Every pool is different. Our pool has UV sanitation with a salt generator for the immediate disinfection issues of what comes in with dogs. It’s mild and no dogs or humans have had difficulty with it. There are a few pools with only ozone sanitation, but as with human pools, there needs to be some sanitation process for the immediate issues: UV treated water is totally clean when it comes into the pool, but dogs are not so clean!

There are indeed risks. We encourage anyone looking for a swim facility to observe carefully the way that dogs are handled, the skill and training level of the staff, the “feel” of the facility. In our opinion, staff need to be in the water doing nothing but paying attention to your dog. There needs to be an immediate “oneness” established between the swim coach and your dog in order for your dog to trust them and feel safe. The coach should be trained in how to handle the dog while in the water under all circumstances. This is not an easy task with a frightened dog in the pool for the first time. Dog owners need to be paying very close attention as well, they know their dog better than anyone. Very close observation is needed to ensure that your dog is safe. Do not compromise or make excuses – facilities should be clean, well managed and well supervised.

 

Beth Taylor, LMT, CVMRT

The Puddle – Pet AquaFitness & Nutrition

1948 Gyorr Ave. South Elgin, IL 60177

630-883-0700

The Loop and the Puddle: Expert Interview with Beth Taylor

Nov 19, 2014

Pet care professionals who use the Loop are a passionate and knowledgeable bunch, and Beth Taylor of The Puddle Aquafitness and Nutrition in South Elgin, Illinois is no exception. Beth has been recommending the Loop to the Puddle’s aquafitness clients for a long time, and she also excels in the realm of canine nutrition. Assisi Animal Health was able to ask her about the use of the Loop with her clients. Tune in next week, as well, for a guest blog from Beth about what everyone should know about pet nutrition.

Can you give me a background on what you do at the Puddle?

The Puddle is a facility that integrates most of my interests. I wrote a couple books on food and nutrition, on fresh food diets for dogs and cats, and I’ve been involved in the initial stages of commercial raw diets for dogs, I worked with an animal chiropractor [Carl DeStefano DC] for ten years. I became a licensed massage therapist and completed the massage and rehabilitation program at The Healing Oasis.

My vet was always searching for a retail store to direct her clients to that carried finer-brand foods. Her sister took on the project of opening one and added the bonus services of swimming and massage. I had experienced the positive results of swimming dogs first hand. It was a perfect fit for all of us. I started swimming one of my dogs about ten years ago. He was 11 at the time and he was getting very tippy. Swimming him once a week at a facility like what we’re doing now kept him going until he was almost 17. So I’m a real fan of swimming.

The front of the store is a small food section which is designed to provide rotation in both dry food and frozen food – it’s not a lot of products. We really try to focus on education to remove road blocks to health. We have a drop-in dog wash, and we have the pool. The pool covers everything from teaching puppies to swim to conditioning for geriatrics. We provide pre- and post-surgical services, and we have massage and bodywork for humans and pets. I do a lot of massage in the water.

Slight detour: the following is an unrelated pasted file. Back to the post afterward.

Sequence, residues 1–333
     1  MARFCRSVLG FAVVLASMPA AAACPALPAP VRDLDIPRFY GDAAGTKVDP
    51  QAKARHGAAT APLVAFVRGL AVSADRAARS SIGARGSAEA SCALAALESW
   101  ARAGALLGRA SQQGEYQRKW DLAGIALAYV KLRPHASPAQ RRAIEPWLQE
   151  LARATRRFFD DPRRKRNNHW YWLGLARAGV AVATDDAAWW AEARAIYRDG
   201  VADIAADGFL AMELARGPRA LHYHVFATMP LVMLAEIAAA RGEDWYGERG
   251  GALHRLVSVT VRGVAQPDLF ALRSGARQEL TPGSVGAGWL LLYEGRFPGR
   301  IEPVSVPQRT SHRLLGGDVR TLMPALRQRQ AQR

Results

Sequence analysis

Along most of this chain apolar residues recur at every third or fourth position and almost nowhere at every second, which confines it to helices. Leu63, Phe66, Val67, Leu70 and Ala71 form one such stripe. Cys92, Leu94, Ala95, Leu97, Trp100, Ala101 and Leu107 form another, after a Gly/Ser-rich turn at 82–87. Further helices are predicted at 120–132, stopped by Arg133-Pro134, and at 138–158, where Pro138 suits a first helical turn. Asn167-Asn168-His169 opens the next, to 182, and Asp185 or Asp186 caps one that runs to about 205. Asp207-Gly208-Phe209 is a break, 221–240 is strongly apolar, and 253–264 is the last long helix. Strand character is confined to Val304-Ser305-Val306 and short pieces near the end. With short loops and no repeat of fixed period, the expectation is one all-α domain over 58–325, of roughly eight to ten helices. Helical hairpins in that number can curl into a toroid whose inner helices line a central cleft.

Oh, wow, you have massage for humans, too? That’s fantastic.

Yes. In order to do the CVMRT program with Dr. Rivera at The Healing Oasis I had to be a certified massage therapist, and that was a very interesting education. Some people will have an appointment for their dogs, and themselves.

If there were one thing you wish all your clients could know, what would it be?

You’re in charge of your animal’s health. Not anyone else. I see so many people just accepting what they’re told with no critical thinking, never asking questions, not doing their own research. They’re afraid to make waves. Their health suffers, and the health of their animal suffers because they’re not willing or not brave enough to speak up, or they have accepted the idea that someone else knows better than they do how to take care of themselves or their animals.

What kind of issues do you most often treat?

Pain and decreased function. That can be young dogs and old dogs, for many reasons. Almost everybody we see thinks that pain is inevitable and that lack of function is just the way it’s supposed to be. They don’t realize that their own bodies and their dogs’ bodies are not defective. What’s wrong is the diet we provide and how we’re living our lives. We need to be active, and we need to eat real food. And if we do those things, a lot of the problems we have will just fall away. For whatever’s left, we have good tools.

Do you have a hard time getting people to understand that pain doesn’t have to exist?

Yes. People don’t notice pain in their animals, don’t see it, don’t recognize it, and don’t realize that what their animals eat and how they live has anything to do with the pain that they feel. They think, “Well, I’ve got wear and tear in my knee, I’ve got arthritis in my knee, and therefore it’s going to hurt. Same for the dog.”

I’ve seen people with their third dog with the same problems finally getting it. “Yes, if I help my dog live an active life, if I feed him good food, sure we’ll have aging issues, but they won’t be anything like if I weren’t being proactive.” They start to get the picture, but it’s often a slow process.

What has been your experience with the use of the Loop in your practice?

Nothing but good. My main challenge has been explaining it to people. ‘Okay, people. I’m telling you, this will reduce pain and improve healing – all you have to do is sit down with your dog three or four times a day.’ And they sometimes say, ‘Well, that’s too hard. I’ll just give him this drug.’ It’s a constant education process.